Quick Hit: Carkeek Salmon Run
It was a perfect late fall day in Seattle: the air was cold, but clear, and the sun was shining brightly, taking a bit of the edge off the chill. I had a lazy morning, talking with my parents a bit, and reading some, before setting out to Carkeek Park in North Seattle.
I had been thinking about going to Carkeek for the last two weekends. Then, on Friday, I saw a post on Workplace that one of the salmon runs was nearly at its peak, and it was worth checking out. It turns out that it takes about an hour to get there on bus; I have a feeling I’m going to become a transit advocate in Seattle 1.
I got there about 15:00, which gave me only about ninety minutes before the sun set. (It’s one of my favorite complications on the Apple Watch: sunrise / sunset details.) As I walked down into the gorge, in the heavily shaded areas, there was still frost on the ground.
In the past, when I had seen the runs, you had to look carefully for a one of the salmon. But it was obvious here. They all looked like fat, well-fed fish, probably four to six pounds each.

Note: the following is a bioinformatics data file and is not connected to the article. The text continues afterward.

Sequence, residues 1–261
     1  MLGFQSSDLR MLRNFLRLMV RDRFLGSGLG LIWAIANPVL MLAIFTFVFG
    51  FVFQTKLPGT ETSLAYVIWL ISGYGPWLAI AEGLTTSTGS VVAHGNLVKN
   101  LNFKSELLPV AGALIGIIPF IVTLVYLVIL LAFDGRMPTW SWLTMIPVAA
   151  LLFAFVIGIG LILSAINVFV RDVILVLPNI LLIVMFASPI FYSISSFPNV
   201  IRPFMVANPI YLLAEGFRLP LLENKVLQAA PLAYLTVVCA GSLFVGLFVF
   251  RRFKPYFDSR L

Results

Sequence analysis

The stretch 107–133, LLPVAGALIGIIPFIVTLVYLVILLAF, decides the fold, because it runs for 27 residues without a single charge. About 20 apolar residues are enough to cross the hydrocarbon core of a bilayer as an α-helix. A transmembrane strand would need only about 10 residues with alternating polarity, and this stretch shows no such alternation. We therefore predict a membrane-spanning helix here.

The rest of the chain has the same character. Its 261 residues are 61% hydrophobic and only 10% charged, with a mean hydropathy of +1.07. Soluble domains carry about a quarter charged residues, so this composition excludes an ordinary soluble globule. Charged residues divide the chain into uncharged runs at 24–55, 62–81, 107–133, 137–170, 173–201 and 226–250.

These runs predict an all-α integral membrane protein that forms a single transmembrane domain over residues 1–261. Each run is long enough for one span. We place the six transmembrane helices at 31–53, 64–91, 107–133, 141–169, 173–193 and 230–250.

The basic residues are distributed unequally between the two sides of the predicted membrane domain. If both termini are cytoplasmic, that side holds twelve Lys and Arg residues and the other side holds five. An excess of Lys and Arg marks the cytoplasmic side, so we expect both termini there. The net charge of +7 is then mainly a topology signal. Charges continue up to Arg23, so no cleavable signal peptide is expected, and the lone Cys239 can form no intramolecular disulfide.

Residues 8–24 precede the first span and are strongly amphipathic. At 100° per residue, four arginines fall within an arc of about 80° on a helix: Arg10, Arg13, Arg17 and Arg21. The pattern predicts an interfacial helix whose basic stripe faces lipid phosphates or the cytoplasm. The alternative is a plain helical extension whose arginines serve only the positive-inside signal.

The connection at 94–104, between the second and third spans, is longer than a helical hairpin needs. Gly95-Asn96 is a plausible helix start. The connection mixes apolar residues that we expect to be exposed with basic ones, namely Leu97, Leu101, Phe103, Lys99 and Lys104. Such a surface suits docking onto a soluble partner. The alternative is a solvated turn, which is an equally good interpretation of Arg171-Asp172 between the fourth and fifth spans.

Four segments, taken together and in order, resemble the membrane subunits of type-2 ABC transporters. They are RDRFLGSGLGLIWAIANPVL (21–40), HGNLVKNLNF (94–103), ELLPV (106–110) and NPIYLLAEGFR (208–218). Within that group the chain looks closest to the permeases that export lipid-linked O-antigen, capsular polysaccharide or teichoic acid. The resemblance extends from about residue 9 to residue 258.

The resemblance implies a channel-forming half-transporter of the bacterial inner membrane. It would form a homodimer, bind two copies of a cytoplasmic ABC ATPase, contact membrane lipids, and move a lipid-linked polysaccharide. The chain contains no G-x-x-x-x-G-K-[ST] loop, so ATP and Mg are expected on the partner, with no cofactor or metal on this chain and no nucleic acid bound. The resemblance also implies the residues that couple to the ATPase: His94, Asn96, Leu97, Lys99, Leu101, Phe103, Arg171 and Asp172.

I think this was their spawning ground; there wasn’t a long swim up multiple sets of rapids. Some of the behaviors I saw made more sense if it was preparing an egg bed or fertilization. There were also a lot of dead fish around, and it was this sight that prompted my wondering if the creek bed was the actual breeding ground. It seemed like a not-great adaptation if the fish were all dying before they had a chance to reproduce.
There were a lot of salmon in the water. It was a lot more than I was expecting to see, and now I want to go see one of the great salmon migrations in Alaska (and, yes, also the bears). I was also surprised that there wasn’t a lot of co-operative behavior between the fish; that at times, it seemed like the fish were blocking each other moving upstream. Even here, I wondered if it was males blocking other males, and there was an advantage to the behavior.
Even the short stretch of Carkeek Creek was still an inspiring journey; the fish coming back to their native spawning grounds. But, there is only one way the journey ends; with the fish dying after spawning. I hadn’t expected Carkeek to be where they were spawning, but realize that of course this is, and so, it’s where they are going to die. Now, I’m going to fall in a wiki hole about the impact of salmon carcasses on the ecosystem. I’m going to guess that it’s broadly positive, but there may be some very niche animals that take advantage of it.
I’d like my legacy to be that I started serious discussion about the role of autonomous transit in the city. ↩